The United States and Israel have a strong common interest in additional and expanded cooperation between them in the missile defense field. Both countries have something to gain from sharing technology, operational concepts and the fruits of actual experience in confronting missile threats and attacks.
The key to effective protection against missiles is multiple layers of defense that permit a defender, if necessary, to get multiple shots at intercepting a given missile. Accordingly, it would be valuable for our two countries to intensify efforts jointly or separately to develop the capability to intercept missiles in the boost (or ascent) phase. Boost-phase interception ("BPI") is advantageous for it targets missiles at the beginning of the trajectory, before they can deploy any multiple warheads, Early interception of a missile could cause debris to fall on the attacker, not the defender, thereby contributing to the deterrence and punishment of aggression. Deployment of an effective BPI system would free other defense systems those designed to intercept missiles in mid-course or in the descent phase (e.g., the Israeli Arrow) to target only those warheads that managed to get through the BPI layer o f defense.
The threat posed by missiles and weapons of mass destruction in the hands of rogue states is a danger not only to Israel and the United States. It is in the interest of all responsible states to cooperate in countering and defending against this threat. Israel and the United States should work to enlist from other countries, such as Turkey and Jordan, appropriate types of cooperation in the field of missile defense.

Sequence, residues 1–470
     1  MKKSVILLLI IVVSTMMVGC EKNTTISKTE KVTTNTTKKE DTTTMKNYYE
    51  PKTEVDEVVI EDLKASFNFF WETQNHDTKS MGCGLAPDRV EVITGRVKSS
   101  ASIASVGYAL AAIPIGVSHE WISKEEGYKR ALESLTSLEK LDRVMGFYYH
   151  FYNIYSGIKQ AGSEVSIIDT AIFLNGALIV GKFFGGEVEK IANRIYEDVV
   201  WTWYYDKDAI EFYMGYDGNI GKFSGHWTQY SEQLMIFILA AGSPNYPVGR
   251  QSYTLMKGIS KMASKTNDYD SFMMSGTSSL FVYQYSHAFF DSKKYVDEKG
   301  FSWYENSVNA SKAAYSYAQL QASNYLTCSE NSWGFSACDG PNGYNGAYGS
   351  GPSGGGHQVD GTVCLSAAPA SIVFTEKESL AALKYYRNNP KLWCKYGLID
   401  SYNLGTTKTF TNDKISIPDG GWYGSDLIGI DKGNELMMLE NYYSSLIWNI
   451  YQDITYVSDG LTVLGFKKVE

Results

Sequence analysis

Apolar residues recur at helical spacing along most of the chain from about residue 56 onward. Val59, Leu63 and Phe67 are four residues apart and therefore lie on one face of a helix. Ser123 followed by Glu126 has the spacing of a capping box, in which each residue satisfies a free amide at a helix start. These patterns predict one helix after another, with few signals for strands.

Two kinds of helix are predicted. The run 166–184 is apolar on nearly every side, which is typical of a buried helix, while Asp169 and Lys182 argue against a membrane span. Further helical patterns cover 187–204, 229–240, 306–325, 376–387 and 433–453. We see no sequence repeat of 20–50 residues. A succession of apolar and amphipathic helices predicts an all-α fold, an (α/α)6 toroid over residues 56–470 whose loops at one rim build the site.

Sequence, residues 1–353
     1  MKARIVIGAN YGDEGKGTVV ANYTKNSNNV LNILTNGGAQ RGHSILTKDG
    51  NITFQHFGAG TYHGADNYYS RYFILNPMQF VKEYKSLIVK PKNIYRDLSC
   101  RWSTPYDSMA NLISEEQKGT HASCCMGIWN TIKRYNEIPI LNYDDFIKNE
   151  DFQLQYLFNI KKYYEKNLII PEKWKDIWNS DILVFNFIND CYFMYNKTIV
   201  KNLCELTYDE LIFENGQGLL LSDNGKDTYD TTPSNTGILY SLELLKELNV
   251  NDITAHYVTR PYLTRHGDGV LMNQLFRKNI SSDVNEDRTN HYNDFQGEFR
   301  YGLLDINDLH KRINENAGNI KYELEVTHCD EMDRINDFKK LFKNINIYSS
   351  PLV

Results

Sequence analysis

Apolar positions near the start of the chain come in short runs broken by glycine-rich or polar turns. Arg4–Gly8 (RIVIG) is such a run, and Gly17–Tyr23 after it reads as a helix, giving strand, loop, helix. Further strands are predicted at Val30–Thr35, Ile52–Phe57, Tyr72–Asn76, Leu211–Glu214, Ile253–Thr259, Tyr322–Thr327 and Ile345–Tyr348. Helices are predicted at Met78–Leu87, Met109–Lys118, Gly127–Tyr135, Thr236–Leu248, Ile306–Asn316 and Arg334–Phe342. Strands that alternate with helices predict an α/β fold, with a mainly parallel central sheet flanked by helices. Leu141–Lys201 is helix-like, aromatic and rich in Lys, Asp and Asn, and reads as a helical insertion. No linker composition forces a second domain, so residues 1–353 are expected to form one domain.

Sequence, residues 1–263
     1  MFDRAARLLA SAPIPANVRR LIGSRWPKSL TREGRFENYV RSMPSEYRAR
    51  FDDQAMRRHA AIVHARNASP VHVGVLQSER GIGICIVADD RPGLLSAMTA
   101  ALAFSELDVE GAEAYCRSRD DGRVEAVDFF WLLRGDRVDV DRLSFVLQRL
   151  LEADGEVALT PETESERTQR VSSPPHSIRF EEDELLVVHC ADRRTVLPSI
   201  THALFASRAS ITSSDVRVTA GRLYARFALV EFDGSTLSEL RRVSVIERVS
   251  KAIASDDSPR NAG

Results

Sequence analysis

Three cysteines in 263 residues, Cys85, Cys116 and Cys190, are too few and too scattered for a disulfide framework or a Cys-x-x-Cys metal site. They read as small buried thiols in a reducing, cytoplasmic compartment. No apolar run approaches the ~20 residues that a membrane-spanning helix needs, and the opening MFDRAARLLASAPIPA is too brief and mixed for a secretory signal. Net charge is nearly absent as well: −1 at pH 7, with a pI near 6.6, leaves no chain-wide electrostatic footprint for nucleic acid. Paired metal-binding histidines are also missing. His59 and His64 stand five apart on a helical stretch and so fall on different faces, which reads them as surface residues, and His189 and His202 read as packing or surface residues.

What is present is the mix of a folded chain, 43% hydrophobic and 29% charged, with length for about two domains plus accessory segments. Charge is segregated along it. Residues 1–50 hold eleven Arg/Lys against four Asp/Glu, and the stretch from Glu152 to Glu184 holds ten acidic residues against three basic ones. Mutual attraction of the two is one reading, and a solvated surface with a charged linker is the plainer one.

The U.S. participants congratulated Israel on the success of the Arrow full-system test conducted on Monday, September 14, 1998.
The Israeli participants thanked the United States for the financial support and cooperation that has made the Arrow program possible and helped ensure its success.
The participants of both countries made a special point of highlighting the importance of the Arrow system and the countries common interest in continued U.S. support for Arrow.
The Commission is exploring legislative initiatives consistent with its findings, set forth in the attachment to this statement.
The Commission intends to meet again in December 1998 in Israel. Missile defense will remain the chief topic for the December meeting. The participants agreed to explore certain questions with their respective defense ministries on this subject in preparation for the December meeting.
In the future, the Commission will address other national security topics of importance to the two countries.
Sources: Senator Jon Kyl